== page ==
I also want to thank you publicly, as Ontario's electoral officer, for standing up and offering your views on the Fair Elections Act as it was going through Parliament. It was important, I think, to focus attention on problems, like barriers to voting, and not on fake problems, like extensive voter fraud in Canada.
I wanted to ask a question first of Mr. Di Ciano. In your opening testimony you said that barely 3% of Canadians are engaged on this topic. I wanted to help you out with this. This is, I think, a misunderstanding of evidence that we had from Darrell Bricker, who's a pollster. He broke down a series of questions about how many people knew about the promise that 2015 would be the last election held under first past the post. That was a bigger number, and then it got smaller when he asked how many people are aware that there's going to be a public process on electoral reform. Then the smallest sample was about how many people know this process has started. The concern I have, frankly, is the lack of national media interest, or even local media interest, as we travel the country. It's hard for Canadians to know a process has started if a parliamentary committee travelling the country can't get even a local reporter to come to the hearings. The role of our media is an important part of democracy.
I just wanted to clear that up for you. You don't have any other source of information for the idea that only 3% of people care about this issue?
Okay, well then you'll be very relieved to know that one of the core principles guiding any recommendations that come from this committee is that we must preserve Canadians' traditional affection for, and familiarity with, the principle of local representation. I want to give you my word right now, as a member of this committee, that from all the evidence we're heard, and knowing my 11 colleagues, I don't think there's a snowball's chance in hell that we could possibly recommend the systems used in Italy or Israel. They are completely inappropriate for Canada and they don't meet the threshold of the minister's five principles.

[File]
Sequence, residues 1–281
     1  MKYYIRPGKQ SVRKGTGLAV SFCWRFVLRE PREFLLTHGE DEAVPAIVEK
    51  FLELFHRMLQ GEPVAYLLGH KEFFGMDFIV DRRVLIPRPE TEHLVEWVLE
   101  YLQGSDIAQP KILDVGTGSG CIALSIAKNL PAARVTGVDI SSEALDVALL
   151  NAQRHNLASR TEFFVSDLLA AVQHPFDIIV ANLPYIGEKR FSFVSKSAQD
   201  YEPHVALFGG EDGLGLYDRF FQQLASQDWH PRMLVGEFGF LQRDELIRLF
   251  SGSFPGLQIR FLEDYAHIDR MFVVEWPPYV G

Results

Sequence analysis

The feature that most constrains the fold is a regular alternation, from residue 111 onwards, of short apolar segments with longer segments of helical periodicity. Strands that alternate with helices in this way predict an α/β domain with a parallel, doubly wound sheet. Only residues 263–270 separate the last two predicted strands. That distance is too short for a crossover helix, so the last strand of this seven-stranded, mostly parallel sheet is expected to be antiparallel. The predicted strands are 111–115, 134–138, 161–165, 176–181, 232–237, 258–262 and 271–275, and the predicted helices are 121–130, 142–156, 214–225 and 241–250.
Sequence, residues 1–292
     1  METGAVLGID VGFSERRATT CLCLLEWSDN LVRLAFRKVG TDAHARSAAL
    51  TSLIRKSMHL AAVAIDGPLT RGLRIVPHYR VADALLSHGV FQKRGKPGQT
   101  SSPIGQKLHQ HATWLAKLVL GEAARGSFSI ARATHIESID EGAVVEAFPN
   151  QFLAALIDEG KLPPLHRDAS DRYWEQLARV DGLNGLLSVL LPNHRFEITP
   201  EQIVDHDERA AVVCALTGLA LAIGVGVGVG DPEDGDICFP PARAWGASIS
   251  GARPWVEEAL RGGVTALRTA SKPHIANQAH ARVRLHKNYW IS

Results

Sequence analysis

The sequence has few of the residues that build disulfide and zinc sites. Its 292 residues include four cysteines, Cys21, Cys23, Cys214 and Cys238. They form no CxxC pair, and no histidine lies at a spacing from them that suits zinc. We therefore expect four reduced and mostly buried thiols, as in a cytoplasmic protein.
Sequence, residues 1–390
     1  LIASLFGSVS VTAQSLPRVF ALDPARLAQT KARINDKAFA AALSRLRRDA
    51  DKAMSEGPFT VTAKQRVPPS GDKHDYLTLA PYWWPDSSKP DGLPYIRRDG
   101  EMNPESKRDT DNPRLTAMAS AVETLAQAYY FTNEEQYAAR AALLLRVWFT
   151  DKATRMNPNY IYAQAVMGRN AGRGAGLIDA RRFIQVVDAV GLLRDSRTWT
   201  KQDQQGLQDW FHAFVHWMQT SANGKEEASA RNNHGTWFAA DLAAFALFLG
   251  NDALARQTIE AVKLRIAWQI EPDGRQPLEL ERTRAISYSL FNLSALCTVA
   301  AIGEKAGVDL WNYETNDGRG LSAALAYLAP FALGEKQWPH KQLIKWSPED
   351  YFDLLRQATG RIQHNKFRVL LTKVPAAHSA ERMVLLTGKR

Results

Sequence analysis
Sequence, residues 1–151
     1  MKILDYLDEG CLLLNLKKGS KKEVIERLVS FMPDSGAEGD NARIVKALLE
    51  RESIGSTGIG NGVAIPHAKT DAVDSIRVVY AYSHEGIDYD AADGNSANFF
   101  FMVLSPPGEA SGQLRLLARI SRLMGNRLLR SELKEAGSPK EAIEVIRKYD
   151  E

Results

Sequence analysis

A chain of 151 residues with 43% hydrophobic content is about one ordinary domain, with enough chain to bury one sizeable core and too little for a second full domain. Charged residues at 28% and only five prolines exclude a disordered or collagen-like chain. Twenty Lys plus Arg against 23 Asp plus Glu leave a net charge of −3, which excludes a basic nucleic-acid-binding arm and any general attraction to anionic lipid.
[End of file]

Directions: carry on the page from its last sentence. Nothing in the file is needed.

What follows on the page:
I know you're involved in a campaign called Keep Voting Simple. I hope you'll not use Italy and Israel as examples of PR because they are pure list systems with no local representation, so they can't possibly ever be recommended by this committee or the Government of Canada. I want to reassure you and I urge you to read those principles.
Do you feel better now about that? You don't have to worry about those things at all. Okay, good.
Mr. Essensa, one of our other core principles is public trust and integrity in the voting system.
One of our earlier witnesses, the head of the Institute on Governance, Maryantonett Flumian, spoke of democracy and voting and electoral reform as an ecosystem with many variables. You've raised one of them, namely campaign financing.
I know you've also been concerned about the ability of our federal elections officers and the elections commissioner to investigate crimes during an election. You, sir, I understand, have the ability to compel testimony in an investigation.
In the half a minute I have left for my time, could you speak to this issue of what Elections Canada should be able to do to investigate crime?
Yes. The United States Court of Appeals for the Ninth Circuit affirmed it. It is not a majority system; it is a plurality system, just like first past the post. It's not a one-two-three system, and if a voter doesn't correctly pick the final two candidates on their list on the ballot, their vote is exhausted.
In an election of first past the post, if 100,000 people voted, on the television screen, then, among the first, second, third, and fourth people there should be 100,000 people who voted. In first past the post, they're exhausted. You left dinner on the table, you left work early, you got a babysitter for the kids, you did what you had to do to go and vote, and under first past the post, if you didn't guess or select the right people, your vote is discarded; it's put in the garbage.
So it is not a majority system. They changed the denominator of majority. First they say the majority is 50% plus one, and then they say, well, candidates get taken off the ballot until someone gets a majority of the votes.
Well, it's a majority of the continuing ballots; it's not a majority of the total ballots cast. To me, it's just disingenuous to say that it's a majority system.
Thank you, everyone; thank you for your very interesting presentations. My thanks also to those who came here to participate in this essential and fundamental discussion on the quality of our democratic life.
Mr. Di Ciano, you may have wanted an electoral reform at one point, but I think you have since lost faith.
I have two comments. First, you said that our system must remain simple. We in the NDP believe that a very simple rule is to give a party that has 30% of the vote about 30% of the seats. It’s simple, it’s called proportional representation.
You have also suggested that the proportional voting system could lead to further political instability and more elections than the majority system we have known for 149 years.